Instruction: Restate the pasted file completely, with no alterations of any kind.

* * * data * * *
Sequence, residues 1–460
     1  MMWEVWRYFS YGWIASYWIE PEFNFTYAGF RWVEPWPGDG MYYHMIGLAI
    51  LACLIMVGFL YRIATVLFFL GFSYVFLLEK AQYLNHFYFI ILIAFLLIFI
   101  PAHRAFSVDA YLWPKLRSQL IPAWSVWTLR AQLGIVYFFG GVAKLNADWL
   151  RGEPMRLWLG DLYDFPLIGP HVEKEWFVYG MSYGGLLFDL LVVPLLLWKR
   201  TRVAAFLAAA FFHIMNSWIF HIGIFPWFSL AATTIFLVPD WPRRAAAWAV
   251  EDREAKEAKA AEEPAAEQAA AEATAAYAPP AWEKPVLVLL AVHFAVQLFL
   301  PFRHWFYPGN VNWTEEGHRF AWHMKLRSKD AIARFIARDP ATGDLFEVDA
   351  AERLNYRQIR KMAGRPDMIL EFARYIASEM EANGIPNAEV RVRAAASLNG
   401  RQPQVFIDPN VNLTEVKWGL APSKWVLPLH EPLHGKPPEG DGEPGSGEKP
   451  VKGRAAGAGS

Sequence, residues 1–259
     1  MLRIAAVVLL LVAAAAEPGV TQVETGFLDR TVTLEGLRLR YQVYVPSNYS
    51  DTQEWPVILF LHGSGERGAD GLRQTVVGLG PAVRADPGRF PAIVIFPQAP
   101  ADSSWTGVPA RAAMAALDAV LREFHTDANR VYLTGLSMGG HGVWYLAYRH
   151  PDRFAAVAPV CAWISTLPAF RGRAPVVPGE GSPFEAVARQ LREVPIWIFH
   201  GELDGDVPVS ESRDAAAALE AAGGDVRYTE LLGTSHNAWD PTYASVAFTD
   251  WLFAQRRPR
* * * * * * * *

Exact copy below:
Sequence, residues 1–460
     1  MMWEVWRYFS YGWIASYWIE PEFNFTYAGF RWVEPWPGDG MYYHMIGLAI
    51  LACLIMVGFL YRIATVLFFL GFSYVFLLEK AQYLNHFYFI ILIAFLLIFI
   101  PAHRAFSVDA YLWPKLRSQL IPAWSVWTLR AQLGIVYFFG GVAKLNADWL
   151  RGEPMRLWLG DLYDFPLIGP HVEKEWFVYG MSYGGLLFDL LVVPLLLWKR
   201  TRVAAFLAAA FFHIMNSWIF HIGIFPWFSL AATTIFLVPD WPRRAAAWAV
   251  EDREAKEAKA AEEPAAEQAA AEATAAYAPP AWEKPVLVLL AVHFAVQLFL
   301  PFRHWFYPGN VNWTEEGHRF AWHMKLRSKD AIARFIARDP ATGDLFEVDA
   351  AERLNYRQIR KMAGRPDMIL EFARYIASEM EANGIPNAEV RVRAAASLNG
   401  RQPQVFIDPN VNLTEVKWGL APSKWVLPLH EPLHGKPPEG DGEPGSGEKP
   451  VKGRAAGAGS

Sequence, residues 1–259
     1  MLRIAAVVLL LVAAAAEPGV TQVETGFLDR TVTLEGLRLR YQVYVPSNYS
    51  DTQEWPVILF LHGSGERGAD GLRQTVVGLG PAVRADPGRF PAIVIFPQAP
   101  ADSSWTGVPA RAAMAALDAV LREFHTDANR VYLTGLSMGG HGVWYLAYRH
   151  PDRFAAVAPV CAWISTLPAF RGRAPVVPGE GSPFEAVARQ LREVPIWIFH
   201  GELDGDVPVS ESRDAAAALE AAGGDVRYTE LLGTSHNAWD PTYASVAFTD
   251  WLFAQRRPR